Octopodes


The Source: Animals (Scientific Procedures) Act 1986, UK.







Tuesday, August 11, 2009

Bird or Mammal?

Bird or Mammal?

Here is a link to a very interesting NYT article on the nature of TAXONOMY, which is the naming and categorization of life. The article was adapted from the book Naming Nature: The Clash Between Instinct and Science by Carol Kaesuk Yoon.

There appears to be such profound unconscious agreement that people will even concur on which exact words make the best names for particular organisms. Brent Berlin, an ethnobiologist at the University of Georgia, discovered this when he read 50 pairs of names, each consisting of one bird and one fish name, to a group of 100 undergraduates, and asked them to identify which was which. The names had been randomly chosen from the language of Peru’s Huambisa people, to which the students had had no previous exposure. With such a large sample size — there were 5,000 choices being made — the students should have scored 50 percent or very close to it if they were blindly guessing. Instead, they identified the bird and fish names correctly 58 percent of the time, significantly more often than expected for random guessing. Somehow they were often able to intuit the names’ birdiness or fishiness.
It is certain that we are losing touch not only with nature and what it is to be a part of ecological systems, but with the part of our minds designed to process, understand, and label the components of our environments. Will we soon be more proficient at naming technological processes?

No wonder so few of us can really see what is out there. Even when scads of insistent wildlife appear with a flourish right in front of us, and there is such life always — hawks migrating over the parking lot, great colorful moths banging up against the window at night — we barely seem to notice. We are so disconnected from the living world that we can live in the midst of a mass extinction, of the rapid invasion everywhere of new and noxious species, entirely unaware that anything is happening. Happily, changing all this turns out to be easy. Just find an organism, any organism, small, large, gaudy, subtle — anywhere, and they are everywhere — and get a sense of it, its shape, color, size, feel, smell, sound.


Sunday, August 9, 2009

Smartfest

Dogs are smart.

Crows are smarter.

The verdict is in: Babies is dumb.

I think that a dog/corvid team would be unstoppable. The two would make an excellent pet unit. Bird-pets tend to become too attached to their human caretakers, but if I could somehow infatuate a crow with a dog, then I would be in the clear. If that worked, then I could pursue human relationships without avian jealousy getting in the way, and everyone would be happy.

Brandon said that he found a baby raven one time and gave it to his friend. His friend's dog befriended the raven. The raven rode around on the dog's back. One day the raven flew away and never came back, which was uncommon, given that it took to flight frequently. Brandon thinks that given the raven's affinity for canines, he tried to socialize with one and was subsequently MURDERED.

Thanks to Chuggans for the link to the WIRED article on rooks and their amazingly spontaneous problem-solving ability.

I wish to work with corvids. I tried to get an internship with a research team that was studying population ecology and behavior of Island Scrub Jays on Santa Monica Island, CA. I didn't get it, but I still have hope for something similar. If anyone knows of similar opportunities on the west coast, or of any opportunities with California condors, drop me a line and I will owe you one. I've said it before, but condors are so GOTH.

Friday, August 7, 2009

Musical Mishappenings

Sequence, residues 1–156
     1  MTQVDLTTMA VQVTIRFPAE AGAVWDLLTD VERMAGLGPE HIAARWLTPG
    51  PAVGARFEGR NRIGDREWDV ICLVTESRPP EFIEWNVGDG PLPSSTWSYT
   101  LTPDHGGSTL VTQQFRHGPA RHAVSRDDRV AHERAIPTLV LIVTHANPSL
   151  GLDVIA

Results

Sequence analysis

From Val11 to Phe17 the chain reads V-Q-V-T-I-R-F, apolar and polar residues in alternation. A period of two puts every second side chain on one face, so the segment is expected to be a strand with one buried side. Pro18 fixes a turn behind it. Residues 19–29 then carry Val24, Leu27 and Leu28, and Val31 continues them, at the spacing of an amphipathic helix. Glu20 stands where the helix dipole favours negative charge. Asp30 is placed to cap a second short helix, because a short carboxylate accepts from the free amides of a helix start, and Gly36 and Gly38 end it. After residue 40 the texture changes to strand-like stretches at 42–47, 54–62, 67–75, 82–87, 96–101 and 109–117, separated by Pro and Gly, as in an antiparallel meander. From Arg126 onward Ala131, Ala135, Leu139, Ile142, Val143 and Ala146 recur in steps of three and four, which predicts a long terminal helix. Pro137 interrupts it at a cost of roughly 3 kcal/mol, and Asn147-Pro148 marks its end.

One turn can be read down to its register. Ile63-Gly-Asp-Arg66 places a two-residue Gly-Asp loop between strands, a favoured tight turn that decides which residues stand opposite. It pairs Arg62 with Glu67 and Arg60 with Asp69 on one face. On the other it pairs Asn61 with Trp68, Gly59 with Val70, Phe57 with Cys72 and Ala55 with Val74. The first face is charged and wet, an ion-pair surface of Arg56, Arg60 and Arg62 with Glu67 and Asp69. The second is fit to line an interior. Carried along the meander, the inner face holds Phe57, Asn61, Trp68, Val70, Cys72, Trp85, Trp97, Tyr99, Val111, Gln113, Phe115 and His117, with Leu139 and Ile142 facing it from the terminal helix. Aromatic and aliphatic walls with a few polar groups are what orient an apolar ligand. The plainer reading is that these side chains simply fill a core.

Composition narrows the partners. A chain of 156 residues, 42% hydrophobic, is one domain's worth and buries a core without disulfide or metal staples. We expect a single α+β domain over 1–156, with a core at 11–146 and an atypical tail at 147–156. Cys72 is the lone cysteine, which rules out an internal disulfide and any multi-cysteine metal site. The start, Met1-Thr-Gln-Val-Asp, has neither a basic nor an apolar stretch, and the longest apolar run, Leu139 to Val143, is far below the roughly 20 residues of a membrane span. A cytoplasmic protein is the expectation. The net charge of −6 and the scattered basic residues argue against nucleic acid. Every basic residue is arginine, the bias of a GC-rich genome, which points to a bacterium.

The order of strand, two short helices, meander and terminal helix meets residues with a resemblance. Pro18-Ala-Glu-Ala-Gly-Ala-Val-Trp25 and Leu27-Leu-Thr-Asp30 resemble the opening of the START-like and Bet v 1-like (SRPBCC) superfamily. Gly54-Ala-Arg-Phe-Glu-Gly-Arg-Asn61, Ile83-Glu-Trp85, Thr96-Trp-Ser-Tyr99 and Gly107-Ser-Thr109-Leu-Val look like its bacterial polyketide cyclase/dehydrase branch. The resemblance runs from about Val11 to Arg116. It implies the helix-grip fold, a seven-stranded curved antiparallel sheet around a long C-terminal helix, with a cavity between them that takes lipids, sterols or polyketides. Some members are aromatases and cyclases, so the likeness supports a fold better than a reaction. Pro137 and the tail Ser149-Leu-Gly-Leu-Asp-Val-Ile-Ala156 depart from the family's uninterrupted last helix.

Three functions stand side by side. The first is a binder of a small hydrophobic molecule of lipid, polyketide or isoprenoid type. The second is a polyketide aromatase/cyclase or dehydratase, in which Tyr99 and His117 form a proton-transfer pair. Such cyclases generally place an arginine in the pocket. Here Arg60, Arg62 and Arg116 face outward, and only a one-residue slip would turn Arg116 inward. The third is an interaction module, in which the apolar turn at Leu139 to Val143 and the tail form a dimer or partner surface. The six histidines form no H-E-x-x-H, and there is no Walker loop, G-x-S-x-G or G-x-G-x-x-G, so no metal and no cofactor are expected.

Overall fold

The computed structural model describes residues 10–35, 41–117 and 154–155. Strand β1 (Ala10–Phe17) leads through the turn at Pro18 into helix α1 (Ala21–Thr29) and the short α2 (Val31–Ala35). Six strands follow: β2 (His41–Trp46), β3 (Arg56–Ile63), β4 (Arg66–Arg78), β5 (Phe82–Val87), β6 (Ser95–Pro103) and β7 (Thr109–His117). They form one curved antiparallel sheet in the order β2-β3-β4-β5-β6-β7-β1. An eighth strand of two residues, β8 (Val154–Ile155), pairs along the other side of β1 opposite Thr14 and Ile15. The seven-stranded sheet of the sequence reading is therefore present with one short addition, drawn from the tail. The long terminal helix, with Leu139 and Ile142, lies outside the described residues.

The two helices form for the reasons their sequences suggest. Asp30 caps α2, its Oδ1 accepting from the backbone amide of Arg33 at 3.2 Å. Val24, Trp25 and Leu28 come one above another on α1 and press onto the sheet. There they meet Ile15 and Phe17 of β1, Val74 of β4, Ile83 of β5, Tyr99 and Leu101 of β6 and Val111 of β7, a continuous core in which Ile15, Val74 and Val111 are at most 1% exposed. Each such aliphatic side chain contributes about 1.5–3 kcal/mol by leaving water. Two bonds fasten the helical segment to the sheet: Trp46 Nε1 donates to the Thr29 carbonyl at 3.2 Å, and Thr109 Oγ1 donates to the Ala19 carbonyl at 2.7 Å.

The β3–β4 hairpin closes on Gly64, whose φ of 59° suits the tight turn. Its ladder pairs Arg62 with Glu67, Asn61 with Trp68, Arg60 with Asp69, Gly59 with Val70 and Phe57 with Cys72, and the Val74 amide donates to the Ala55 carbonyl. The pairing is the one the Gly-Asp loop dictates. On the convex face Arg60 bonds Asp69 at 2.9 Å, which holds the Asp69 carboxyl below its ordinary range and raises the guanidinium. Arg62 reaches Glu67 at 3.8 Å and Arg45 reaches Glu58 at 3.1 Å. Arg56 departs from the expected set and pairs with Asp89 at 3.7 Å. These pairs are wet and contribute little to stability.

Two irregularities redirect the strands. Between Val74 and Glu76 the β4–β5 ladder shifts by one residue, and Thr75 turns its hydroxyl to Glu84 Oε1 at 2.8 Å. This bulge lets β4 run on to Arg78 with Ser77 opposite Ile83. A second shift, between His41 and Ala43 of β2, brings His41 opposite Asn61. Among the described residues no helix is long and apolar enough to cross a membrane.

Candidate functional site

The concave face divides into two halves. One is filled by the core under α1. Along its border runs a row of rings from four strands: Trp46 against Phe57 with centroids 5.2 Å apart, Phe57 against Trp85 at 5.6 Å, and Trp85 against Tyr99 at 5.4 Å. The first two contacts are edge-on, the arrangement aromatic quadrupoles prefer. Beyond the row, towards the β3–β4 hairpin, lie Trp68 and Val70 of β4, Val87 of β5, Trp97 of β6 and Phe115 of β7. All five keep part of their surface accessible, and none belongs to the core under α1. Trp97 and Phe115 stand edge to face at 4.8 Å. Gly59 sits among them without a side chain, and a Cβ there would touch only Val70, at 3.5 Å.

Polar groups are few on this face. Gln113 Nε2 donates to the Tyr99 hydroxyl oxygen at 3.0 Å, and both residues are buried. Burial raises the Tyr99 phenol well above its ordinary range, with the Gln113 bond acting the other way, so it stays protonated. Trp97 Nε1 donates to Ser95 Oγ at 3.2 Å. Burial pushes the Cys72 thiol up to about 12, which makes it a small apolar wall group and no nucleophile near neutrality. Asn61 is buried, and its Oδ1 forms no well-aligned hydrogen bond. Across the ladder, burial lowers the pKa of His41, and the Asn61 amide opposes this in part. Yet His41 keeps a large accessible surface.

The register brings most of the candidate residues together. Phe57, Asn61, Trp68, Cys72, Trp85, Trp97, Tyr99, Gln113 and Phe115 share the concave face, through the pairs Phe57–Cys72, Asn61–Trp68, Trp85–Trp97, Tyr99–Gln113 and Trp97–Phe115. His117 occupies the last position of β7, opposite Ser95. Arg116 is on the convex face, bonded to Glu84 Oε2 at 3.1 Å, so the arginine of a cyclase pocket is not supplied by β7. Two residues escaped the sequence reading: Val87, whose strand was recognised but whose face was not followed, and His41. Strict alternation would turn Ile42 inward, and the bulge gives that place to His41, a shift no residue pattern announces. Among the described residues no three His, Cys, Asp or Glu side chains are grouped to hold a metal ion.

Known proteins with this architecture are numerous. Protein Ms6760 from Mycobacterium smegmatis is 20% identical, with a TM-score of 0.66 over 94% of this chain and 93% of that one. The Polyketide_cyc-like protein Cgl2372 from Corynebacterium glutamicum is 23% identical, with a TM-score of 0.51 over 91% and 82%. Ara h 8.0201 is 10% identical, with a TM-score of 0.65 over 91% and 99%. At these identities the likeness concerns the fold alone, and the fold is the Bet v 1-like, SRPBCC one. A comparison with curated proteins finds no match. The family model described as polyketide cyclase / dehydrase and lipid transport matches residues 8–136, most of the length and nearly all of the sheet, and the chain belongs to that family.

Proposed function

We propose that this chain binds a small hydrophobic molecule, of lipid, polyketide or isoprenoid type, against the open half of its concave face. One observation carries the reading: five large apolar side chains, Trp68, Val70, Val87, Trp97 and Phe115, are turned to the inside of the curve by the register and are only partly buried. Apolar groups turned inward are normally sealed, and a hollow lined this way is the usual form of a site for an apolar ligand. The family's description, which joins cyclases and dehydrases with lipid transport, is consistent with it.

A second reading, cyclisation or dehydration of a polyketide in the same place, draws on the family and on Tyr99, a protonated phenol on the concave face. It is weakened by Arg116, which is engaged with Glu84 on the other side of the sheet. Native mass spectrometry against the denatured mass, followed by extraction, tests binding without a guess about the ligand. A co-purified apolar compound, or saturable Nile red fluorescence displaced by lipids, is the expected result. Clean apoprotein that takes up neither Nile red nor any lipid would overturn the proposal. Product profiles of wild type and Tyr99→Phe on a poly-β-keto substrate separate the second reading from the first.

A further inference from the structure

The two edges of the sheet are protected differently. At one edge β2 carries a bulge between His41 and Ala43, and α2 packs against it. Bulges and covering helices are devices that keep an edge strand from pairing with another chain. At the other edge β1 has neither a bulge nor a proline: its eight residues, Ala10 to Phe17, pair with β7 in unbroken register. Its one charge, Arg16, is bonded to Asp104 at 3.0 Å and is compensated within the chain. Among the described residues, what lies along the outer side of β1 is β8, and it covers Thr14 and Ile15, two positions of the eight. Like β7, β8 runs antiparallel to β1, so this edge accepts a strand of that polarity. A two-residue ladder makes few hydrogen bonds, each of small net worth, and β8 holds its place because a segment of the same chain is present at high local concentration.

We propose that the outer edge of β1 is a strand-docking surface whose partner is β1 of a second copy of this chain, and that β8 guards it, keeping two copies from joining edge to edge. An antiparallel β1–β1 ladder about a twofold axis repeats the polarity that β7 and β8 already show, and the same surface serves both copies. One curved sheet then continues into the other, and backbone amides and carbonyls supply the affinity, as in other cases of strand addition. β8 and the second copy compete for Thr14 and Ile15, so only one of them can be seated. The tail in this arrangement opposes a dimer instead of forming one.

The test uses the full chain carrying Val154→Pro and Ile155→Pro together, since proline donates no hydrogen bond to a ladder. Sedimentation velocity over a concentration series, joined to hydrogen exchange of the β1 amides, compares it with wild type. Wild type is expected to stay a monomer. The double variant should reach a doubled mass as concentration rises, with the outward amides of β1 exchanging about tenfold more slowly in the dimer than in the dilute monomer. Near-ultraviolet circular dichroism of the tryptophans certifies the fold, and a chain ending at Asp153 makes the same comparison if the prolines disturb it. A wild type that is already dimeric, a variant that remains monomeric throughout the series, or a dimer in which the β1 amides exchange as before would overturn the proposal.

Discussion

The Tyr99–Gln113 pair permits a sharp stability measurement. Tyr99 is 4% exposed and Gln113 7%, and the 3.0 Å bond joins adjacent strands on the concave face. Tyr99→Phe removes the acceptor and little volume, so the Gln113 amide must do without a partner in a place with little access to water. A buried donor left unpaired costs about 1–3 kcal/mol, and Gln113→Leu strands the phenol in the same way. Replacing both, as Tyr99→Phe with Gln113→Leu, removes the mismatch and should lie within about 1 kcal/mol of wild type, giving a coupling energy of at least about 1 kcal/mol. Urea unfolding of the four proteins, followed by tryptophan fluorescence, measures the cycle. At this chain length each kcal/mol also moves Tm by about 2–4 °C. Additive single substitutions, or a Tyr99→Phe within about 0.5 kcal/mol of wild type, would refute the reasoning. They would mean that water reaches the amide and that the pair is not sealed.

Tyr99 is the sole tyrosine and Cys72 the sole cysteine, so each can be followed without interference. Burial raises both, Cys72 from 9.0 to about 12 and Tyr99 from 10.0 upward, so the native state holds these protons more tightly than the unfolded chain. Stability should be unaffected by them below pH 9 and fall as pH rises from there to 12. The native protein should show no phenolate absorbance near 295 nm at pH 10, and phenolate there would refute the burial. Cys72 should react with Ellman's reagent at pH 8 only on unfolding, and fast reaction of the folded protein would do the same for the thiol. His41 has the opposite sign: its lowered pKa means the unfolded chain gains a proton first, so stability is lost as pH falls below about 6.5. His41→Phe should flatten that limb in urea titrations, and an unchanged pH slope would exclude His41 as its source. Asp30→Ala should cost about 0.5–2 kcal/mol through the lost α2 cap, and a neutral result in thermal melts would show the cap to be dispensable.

As some of you may unfortunately know, I have been delving into making music electronically. I have only made about 5 tracks on my own, ever. My musician alter-ego is Boss Rhino and he has been on myspace music for years just resting on his laurels. You can hear the sum of my artistic output by visiting www.myspace.com/bossrhino. I would recommend the track "Step Dance". "Rants" is a sample from that song, if you just want a taste.


My co-intern Brandon and I have also created a few tracks under the name Prongho Deth. This music is abrasive. It is our artistic vision of the kind of sounds and thought processes that occur within the heads of pronghorn antelope. After watching this educational video, you may agree with us that they are up to something. Whatever it is sure is sinister. Enjoy:

video

We have done a couple of other tracks within the same "range metal" genre, but they are too inappropriate and disturbing to share online.

Friday, July 31, 2009

GRAND Explorations (Post 25)

Opuntia sp., Prickly Pear


For any of you diners who may be have been curious and/or faithful enough to check in on the blogue over the past month: I thank you! I am very sorry that there have been no updates.

I have been engaged in all manner of extravagant adventures over the intervening weeks and this post should really have been published in installments along the way. Forgive my ineptitude.

The excellent Chicago Botanical Garden program that I am interning with (Conservation and Land Management Internships) sent myself and the other five interns working in Rawtown to the Grand Canyon for a week of workshops with government scientists. It was great week of socializing with other animal and plant nerdkids like myself and I was fortunate enough to befriend several of them. Along the way to the AZ we took the liberty of enjoying some of the national parks in Utah. By the way, southern Utah is surprisingly gorgeous.

As for the GC, if you have not yet had the fortune to experience it, I strongly encourage that you do. In classic American style, the place's size was beyond compare. Compared to the numerous human-made wonders I have been awed by, the awe aroused as I approached the canyon rim came from a different place. Cathedrals and Eiffel Towers inspire a cerebral awe from an appreciation of beauty wrought by art and genius while the Canyon's is a primal reaction - first contact with a thing beyond one's comprehension, beyond what one would conventionally consider possible. I don't want to hype it up, so I won't post too many pictures. Also, I hardly took any. I felt there was an overwhelming futility in attempting to record my experience in fotos.